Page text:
The attorneys at Morgan and Morgan are investigating claims on behalf of Januvia users that have been diagnosed with pancreatic cancer. Various academic and post-marketing studies have established a possible link between Januvia (sitagliptin) and pancreatic cancer. This link is particularly troubling because pancreatic cancer is one of the most lethal malignant diseases, due to the high rate of advanced stage disease at the time of diagnosis and the lack of effective medical therapies.
If you or a loved one was diagnosed with pancreatic cancer after taking Januvia, do not hesitate to contact our attorneys today, free of charge, to learn more about your legal rights. You may be able to file a lawsuit against the manufacturer to recover compensation for medical bills, lost wages, pain and suffering, and other damages. To contact us today, please fill out our free, no obligation case review form.
Januvia Lawsuits Claim Drug is Defective
Merck is facing a number of lawsuits claiming that Januvia is a flawed and defective product, and increases the risk of pancreatic cancer in users. These suits allege that:
- Merck knew Janvuia could pose a risk of pancreatic cancer and kept this information from patients and doctors
- The warnings on Januvia are inadequate and do not even mention pancreatic cancer
- Merck failed to tell doctors to monitor Januvia users for signs of changes within the pancreas
- Januvia poses an “extreme risk” and its benefits do not outweigh this risk
- Rather than pull the drug from the market or issue stronger warnings, Merck continues to promote Januvia as a safe and effective treatment
- Merck did not perform adequate safety tests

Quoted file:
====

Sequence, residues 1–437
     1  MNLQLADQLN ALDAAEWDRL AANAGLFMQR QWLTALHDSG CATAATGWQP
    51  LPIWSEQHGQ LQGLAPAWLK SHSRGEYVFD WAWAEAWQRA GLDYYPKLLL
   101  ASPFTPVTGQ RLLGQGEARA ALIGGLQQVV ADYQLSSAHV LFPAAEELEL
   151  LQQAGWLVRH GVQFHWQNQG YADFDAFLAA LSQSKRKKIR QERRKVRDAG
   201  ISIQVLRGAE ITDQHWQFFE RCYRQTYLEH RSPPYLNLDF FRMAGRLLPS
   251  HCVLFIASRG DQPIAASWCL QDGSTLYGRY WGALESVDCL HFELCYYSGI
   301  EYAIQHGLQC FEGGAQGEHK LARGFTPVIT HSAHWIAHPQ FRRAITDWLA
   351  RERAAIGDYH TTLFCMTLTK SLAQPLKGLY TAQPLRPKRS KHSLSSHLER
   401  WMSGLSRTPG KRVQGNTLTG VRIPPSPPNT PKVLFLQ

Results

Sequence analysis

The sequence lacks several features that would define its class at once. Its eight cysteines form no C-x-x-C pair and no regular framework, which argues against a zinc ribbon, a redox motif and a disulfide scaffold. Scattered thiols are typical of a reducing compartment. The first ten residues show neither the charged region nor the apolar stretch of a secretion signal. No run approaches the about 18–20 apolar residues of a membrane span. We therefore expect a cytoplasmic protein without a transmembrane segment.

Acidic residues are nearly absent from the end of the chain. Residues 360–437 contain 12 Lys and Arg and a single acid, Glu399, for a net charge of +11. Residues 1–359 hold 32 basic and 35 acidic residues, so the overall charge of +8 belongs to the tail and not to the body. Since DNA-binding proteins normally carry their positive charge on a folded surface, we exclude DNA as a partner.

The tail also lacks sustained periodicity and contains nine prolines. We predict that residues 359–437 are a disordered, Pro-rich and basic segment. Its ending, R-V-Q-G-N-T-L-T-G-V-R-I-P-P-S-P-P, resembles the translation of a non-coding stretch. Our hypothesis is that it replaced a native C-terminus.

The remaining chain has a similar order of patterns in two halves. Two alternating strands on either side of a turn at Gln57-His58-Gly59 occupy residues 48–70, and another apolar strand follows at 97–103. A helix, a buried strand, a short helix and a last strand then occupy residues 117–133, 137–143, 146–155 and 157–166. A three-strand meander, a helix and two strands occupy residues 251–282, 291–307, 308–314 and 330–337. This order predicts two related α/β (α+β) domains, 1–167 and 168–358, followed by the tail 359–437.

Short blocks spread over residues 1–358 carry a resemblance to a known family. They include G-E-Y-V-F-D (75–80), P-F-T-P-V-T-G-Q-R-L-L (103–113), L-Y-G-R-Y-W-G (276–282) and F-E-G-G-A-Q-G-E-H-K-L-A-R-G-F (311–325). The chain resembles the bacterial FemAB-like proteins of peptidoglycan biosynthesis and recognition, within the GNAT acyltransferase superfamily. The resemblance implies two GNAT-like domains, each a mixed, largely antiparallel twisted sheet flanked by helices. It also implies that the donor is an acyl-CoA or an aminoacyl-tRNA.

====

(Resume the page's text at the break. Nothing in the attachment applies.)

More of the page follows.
- Merck over-promoted Januvia and under-warned about its risks
These suits are seeking a number of damages, including but not limited to lost income, diminishment of earning capacity, medical bills and pain and suffering.
Is This a Class Action?
No. The lawsuits over Januvia and its alleged link to pancreatic cancer are being filed on behalf of individual plaintiffs and are not proceeding as a class action with the Morgan & Morgan class action lawyers. Our attorneys are helping Januvia users or their loved ones file individual claims for their losses.
A motion has been approved to consolidate cases involving Januvia and similar diabetes drugs for pretrial proceedings in the U.S. District Court for the Southern District of California. The U.S. Judicial Panel on Multidistrict Litigation found that the cases made similar allegations and that consolidation would eliminate duplicate discovery (a step that includes taking depositions and reviewing relevant documents), allow for more consistent rulings, and help conserve the resources of all parties involved. It is important to remember that while the lawsuits have been consolidated for pretrial proceedings, you will still retain control over your individual case. As of February 2014, there are 306 lawsuits pending against the makers of Januvia and similar drugs linked to pancreatic cancer.
How is Januvia Linked to Pancreatic Cancer?
Januvia belongs to a class of drugs that work by slowing down the metabolism of naturally-occurring hormones known as incretins - specifically Glucagon-Like Peptide-1 (GLP-1). Typically, diabetics do not produce enough of these hormones on their own, and drugs such as Januvia allow these hormones to stay active in the bloodstream longer to reduce blood sugar levels. In doing so, Januvia will increase the patient's GLP-1 receptor activity. It has been theorized, however, that this increased activity may put the user at a greater risk of developing pancreatic cancer.